Hank Stawinski resigns as Prince George’s County police chief

Prince George’s County police Chief Hank Stawinski speaks at a news conference on Monday, Jan. 6, 2020. (WTOP/Michelle Basch)

Prince George’s County police Chief Hank Stawinski resigned Thursday, effective immediately.

County Executive Angela Alsobrooks said in a statement she accepted his resignation.

News of Stawinski’s resignation came Thursday afternoon, following a 94-page report by the American Civil Liberties Union that detailed racial bias and discrimination toward officers of color.

A lawsuit was brought forward by the ACLU on behalf of 13 officers of color of the Prince George’s County Police Department.

In the report, those 13 officers detailed a “pervasive and widespread” presence of discriminatory practices by the department.

WTOP’s Kate Ryan reported that Bob Ross with the Prince George’s chapter of the NAACP called a vote of no-confidence shortly before Stawinski stepped down.

The report alleges over two dozen incidents in which white officers made racist remarks or displayed racist behavior, and many of those officers went undisciplined by the department, while officers of color faced retaliation for reporting the incidents.

An expert opinion in the suit details the department’s failure to properly handle cases of racial discrimination and prejudice among officers.

“There are practices within the department that result in complaints by civilians and minority officers about racial harassment or discrimination that are not being treated appropriately, in that they are either not investigated, not investigated appropriately, or not disciplined appropriately,” said Michael Graham in the expert opinion of the suit.

Graham worked for the Los Angeles County Sheriff’s Department for over 30 years and served as its assistant sheriff.

“The current leadership of the department appears to have made a deliberate choice not to track or monitor its performance concerning these matters,” Graham said.

Graham also said the department’s manual for dealing with harassment among officers did not go far enough to protect those who filed complaints. In many places, the guide tells officers who they can lodge complaints with but does not specify that those complaints must be handled once they have been received.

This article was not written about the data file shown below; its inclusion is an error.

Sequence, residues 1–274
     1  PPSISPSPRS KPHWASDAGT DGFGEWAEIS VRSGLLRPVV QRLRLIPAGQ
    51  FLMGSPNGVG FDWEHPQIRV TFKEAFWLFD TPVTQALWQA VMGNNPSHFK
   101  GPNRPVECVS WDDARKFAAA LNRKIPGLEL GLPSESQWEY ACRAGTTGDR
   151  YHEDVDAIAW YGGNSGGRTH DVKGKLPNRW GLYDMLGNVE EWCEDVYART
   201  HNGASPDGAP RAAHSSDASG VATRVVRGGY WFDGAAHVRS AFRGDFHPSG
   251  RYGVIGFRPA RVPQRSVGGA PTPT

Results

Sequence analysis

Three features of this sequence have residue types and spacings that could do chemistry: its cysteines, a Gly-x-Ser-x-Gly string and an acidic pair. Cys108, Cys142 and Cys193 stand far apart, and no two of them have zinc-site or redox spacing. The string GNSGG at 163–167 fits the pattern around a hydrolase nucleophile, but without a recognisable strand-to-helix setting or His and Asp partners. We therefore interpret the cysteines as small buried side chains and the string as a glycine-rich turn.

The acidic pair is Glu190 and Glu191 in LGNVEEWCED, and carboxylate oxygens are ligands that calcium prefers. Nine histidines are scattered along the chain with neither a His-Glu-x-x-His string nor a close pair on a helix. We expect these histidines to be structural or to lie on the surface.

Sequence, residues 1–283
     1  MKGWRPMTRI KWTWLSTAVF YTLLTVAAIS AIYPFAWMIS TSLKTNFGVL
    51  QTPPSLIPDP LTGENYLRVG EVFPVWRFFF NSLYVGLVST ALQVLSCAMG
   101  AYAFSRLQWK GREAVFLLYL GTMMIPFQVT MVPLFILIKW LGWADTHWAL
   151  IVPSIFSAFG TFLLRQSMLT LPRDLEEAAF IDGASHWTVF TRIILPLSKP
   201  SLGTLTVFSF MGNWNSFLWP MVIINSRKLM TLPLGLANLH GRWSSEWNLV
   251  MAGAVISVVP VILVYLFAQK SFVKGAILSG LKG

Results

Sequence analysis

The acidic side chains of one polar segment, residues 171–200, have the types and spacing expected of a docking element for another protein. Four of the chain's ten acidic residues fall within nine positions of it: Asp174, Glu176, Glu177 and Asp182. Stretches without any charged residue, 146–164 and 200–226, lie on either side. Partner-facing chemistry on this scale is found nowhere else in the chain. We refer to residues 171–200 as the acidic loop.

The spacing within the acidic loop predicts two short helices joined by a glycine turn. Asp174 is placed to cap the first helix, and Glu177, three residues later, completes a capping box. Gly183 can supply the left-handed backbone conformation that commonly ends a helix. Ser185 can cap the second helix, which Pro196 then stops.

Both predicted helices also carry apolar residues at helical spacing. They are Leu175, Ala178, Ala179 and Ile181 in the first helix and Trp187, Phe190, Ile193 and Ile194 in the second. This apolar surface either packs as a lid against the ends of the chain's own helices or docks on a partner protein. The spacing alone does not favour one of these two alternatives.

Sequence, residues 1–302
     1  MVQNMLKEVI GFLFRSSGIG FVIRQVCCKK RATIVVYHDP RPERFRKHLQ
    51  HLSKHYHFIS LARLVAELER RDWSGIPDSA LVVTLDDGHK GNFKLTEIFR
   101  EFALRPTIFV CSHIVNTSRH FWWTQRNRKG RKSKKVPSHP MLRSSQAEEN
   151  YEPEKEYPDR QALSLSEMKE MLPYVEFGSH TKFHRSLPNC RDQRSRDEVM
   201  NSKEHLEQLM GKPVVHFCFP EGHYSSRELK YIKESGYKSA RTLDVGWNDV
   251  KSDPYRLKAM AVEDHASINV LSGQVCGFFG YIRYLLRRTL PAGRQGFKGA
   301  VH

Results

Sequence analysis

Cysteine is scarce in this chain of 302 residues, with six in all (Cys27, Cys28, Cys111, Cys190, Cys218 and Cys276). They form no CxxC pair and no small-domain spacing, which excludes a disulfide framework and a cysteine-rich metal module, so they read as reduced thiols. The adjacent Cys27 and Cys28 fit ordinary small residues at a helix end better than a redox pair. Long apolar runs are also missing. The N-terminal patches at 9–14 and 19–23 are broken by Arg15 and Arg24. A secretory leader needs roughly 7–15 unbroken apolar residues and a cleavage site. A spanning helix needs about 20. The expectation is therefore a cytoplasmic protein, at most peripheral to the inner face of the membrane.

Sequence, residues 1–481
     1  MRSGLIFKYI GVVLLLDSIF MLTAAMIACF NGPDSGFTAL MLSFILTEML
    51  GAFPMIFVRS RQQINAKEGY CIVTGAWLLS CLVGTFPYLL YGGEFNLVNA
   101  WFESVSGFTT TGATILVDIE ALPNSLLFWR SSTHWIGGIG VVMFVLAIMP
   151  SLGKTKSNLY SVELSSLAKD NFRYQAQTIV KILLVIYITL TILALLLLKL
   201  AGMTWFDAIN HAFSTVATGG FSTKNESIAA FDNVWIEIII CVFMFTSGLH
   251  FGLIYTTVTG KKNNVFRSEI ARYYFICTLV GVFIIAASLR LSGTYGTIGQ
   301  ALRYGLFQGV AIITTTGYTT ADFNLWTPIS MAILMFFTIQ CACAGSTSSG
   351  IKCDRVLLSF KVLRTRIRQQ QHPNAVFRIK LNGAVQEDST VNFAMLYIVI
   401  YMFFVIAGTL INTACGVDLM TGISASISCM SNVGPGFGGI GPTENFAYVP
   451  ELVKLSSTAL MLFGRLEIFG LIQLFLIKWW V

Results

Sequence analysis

Further, Graham said that once a complaint was made, there was no system in place to separate officers from a potential harasser, which left them open for more abuse or retaliation.

Lt. Sonya Zollicoffer, one of the plaintiffs named in the report, said the report shows an accurate picture of how the department handled race-related incidents under Stawinski.

“I’m never pleased for someone losing their position, losing their job or having to step down,” Zollicoffer said. “But I will say that it was coming, because we had been asking for change for so long and complete, genuine transparency and we weren’t getting that.”

Zollicoffer said she was glad to see the discrimination being addressed within the department, because she feels that it also impacted the way officers interacted with the community.

“You have to fix it within before you can fix it outside the department,” Zollicoffer said. “Because it filters out to the community.”

In one incident outlined in the suit, an unknown individual placed a picture of an African American face and an afro wig on a training dummy that was used for police baton practice. The incident was assigned to an investigator but was closed without any discipline or charges given out.

Alsobrooks scheduled a news conference at noon Friday addressing Stawinski’s resignation.

WTOP’s Michelle Basch, Kate Ryan and Mike Jakaitis contributed to this report.

Zeke Hartner

Zeke Hartner is a digital writer/editor who has been with WTOP since 2017. He is a graduate of North Carolina State University’s Political Science program and an avid news junkie.

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